“But you want to be able to combine them to ask a complicated question, such as, ‘How many patients currently admitted to the hospital have been given a medication that contains ingredients tested by a clinical trial that may produce this specific complication, and what company is marketing the formulation used by those patients?’”

“So now we have combined five different databases together to produce a query that resembles very much like how a clinician thinks,” added Mirhaji.  “As a clinician, I may think that I have given my patient a medication that might explain why he has a new rash on his face; and I may wonder if this has a precedence in a clinical trial.  I may want to know if all formulations of the medicine in the market have this complication or they happen more or less in products of a certain company.”  

Researchers have not yet refined the ability to input such a query into a simple text-based interface linked to a clinical decision support window in an EHR.  But when the capability is fully developed, clinicians will have a powerful ability to get answers to on-the-fly questions that require little in the way of specialized knowledge about how the database works.

“As a clinician, I probably don’t want to know the schema behind this data,” Mirhaji says.  “I just want to know if there is a clinical trial somewhere that addresses the potential impact of some ingredient in a medication that might be producing an adverse effect.”

“I want a machine to do it for me.  I don’t want my clinicians to have to know and think about whether the data exists and in what format and how exactly if it can be connected to some other piece of data, before they can even start asking a question. I want my clinicians to think freely and get the answers they need.”

Before that can happen, however, graph database technology needs to address some of its biggest challenges.  Standardizing elements across different healthcare terminologies, such as ICD-10, LOINC, CPT, and SNOMED, is problematic for most health IT applications, even the most advanced EHR systems.  The same basic interoperability concerns apply to graph databases, Aasman and Mirhaji acknowledged.

Additionally, in order to use a semantic data lake for meaningful population health management, users must also be able to get answers to queries that may include multiple events that take place at different times, in specific locations, or in certain sequences.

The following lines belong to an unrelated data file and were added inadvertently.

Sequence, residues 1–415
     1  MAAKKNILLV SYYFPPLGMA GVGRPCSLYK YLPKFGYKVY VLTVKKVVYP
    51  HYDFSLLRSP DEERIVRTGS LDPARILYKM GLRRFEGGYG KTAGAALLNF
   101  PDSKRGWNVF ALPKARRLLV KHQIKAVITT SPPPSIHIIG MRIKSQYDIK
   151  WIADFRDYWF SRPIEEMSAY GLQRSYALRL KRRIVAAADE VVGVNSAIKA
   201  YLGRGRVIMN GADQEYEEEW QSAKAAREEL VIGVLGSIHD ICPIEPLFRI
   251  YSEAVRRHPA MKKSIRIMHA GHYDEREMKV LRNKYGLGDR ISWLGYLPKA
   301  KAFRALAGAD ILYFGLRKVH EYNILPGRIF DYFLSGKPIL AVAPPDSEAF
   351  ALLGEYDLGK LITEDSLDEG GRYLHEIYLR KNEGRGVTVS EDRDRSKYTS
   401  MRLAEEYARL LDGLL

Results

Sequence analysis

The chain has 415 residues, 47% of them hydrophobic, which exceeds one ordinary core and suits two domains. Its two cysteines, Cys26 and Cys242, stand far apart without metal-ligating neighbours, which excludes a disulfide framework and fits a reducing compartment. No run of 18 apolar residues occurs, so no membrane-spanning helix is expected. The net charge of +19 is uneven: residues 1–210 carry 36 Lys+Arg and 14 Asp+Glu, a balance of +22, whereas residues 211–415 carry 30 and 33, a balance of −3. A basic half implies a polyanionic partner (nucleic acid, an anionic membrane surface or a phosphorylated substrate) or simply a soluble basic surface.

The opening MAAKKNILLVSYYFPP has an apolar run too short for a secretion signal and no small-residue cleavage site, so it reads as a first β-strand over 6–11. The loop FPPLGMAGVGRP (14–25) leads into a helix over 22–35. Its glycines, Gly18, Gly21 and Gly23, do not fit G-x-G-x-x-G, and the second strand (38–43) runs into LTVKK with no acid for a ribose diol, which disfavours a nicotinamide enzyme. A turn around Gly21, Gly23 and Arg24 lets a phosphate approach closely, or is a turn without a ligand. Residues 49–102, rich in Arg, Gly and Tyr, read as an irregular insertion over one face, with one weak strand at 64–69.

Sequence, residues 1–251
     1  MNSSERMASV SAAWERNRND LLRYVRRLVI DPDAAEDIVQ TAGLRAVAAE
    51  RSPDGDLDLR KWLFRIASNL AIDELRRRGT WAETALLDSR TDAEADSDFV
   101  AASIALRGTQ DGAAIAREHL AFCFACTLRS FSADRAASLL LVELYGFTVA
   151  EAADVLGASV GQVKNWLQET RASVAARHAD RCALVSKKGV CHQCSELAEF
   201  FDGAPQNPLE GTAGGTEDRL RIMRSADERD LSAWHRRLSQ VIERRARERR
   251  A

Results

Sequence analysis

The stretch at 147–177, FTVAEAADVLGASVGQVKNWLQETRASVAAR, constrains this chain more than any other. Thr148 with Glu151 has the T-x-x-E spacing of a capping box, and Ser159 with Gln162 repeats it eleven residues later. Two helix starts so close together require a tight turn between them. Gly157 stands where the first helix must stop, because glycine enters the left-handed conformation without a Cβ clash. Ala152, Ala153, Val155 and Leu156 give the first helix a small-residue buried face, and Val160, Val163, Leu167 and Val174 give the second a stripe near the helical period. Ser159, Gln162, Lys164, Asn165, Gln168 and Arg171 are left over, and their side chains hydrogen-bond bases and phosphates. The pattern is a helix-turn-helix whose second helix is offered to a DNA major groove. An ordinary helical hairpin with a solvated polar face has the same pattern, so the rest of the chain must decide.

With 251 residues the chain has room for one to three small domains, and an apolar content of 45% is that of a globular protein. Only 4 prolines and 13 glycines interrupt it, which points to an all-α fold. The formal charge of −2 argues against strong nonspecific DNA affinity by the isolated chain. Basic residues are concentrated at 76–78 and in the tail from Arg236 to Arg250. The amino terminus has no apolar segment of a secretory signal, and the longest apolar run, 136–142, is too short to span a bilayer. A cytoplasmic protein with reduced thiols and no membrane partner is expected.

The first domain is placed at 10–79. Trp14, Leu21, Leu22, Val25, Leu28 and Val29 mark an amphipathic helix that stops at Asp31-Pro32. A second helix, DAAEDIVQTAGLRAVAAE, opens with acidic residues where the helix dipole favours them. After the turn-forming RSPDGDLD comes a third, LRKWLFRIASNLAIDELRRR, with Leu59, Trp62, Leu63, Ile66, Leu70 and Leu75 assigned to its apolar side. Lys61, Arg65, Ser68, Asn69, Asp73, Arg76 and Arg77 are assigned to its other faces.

The system must be able to incorporate temporal reasoning that arranges events in relation to one another, Mirhaji explains.  “Some events happen within the other, one after the other, or overlap in duration of the other. There are meaningful inferences to be made if you know how exactly these events are temporally arranged.”

“Geospatial relationships are another thing that require a specialized approach,” he added.  “Combining time and space is especially important for community-based population health management.  Behavioral data, mobility questions, and health disparities all require tracking where and when an event takes place.  We cultivate our data in such a way that it knows how to account for the temporal and geospatial relationships between events.”

Much of this cultivation happens at the hands of dedicated human curators, who help to ensure that information entering the system is complete and accurate, as well as detailed and uniform enough to mesh with existing datasets. 

“We have developed a methodology for curating and harmonizing all of this data,” says Mirhaji. “It's a process and a tool that does almost 60 to 65 percent of the job when it comes to connecting and identifying the elements, capturing and mapping their terminologies, and resolving their redundancies.  One of the big problems we face is the issue of making sure that we have a reliable master patient index, and that we can accurately identify events by patient.”

“The tool, which we call the ‘interrogator,’ helps us annotate the data with many different meta-elements.  That helps us deal with the quality aspect of the data.  When you start creating such a big data forest, you really want to make sure that you can pull only relevant data – not all related data – to answer a specific query.  So we have created quality measures for our data, and we can annotate that, as well.”

“We need human curators to describe data in terms of what the data means at the source.  And that's all they do. They do not define structure; they do not map to a schema. They just describe data as it is at the source: the data has these timestamps; it has these controls; this quality; these are the people that can access this data.  Our curators do all of these annotations, and then once it's done, the future imports will be almost automatic.”

As cognitive computing tools evolve and become increasingly sophisticated, organizations like Montefiore hope to closely integrate natural language query capabilities into everyday clinical care.  The possibilities for extracting actionable population health management and precision medicine insights from this vast and malleable treasure trove of big data are nearly infinite – if developers and data scientists find intuitive and user-friendly ways of deploying their tools into clinical workflows.

Data forests will continue to grow in complexity and usefulness as developers pursue the most impactful methods of using big data analytics to further strategic goals like accountable care and population health.  With personalized care, predictive analytics, and tailored insights on the wish-list for the majority of healthcare providers, semantic graph databases may provide an intriguing avenue forward into the uncharted waters of data-driven, quality care.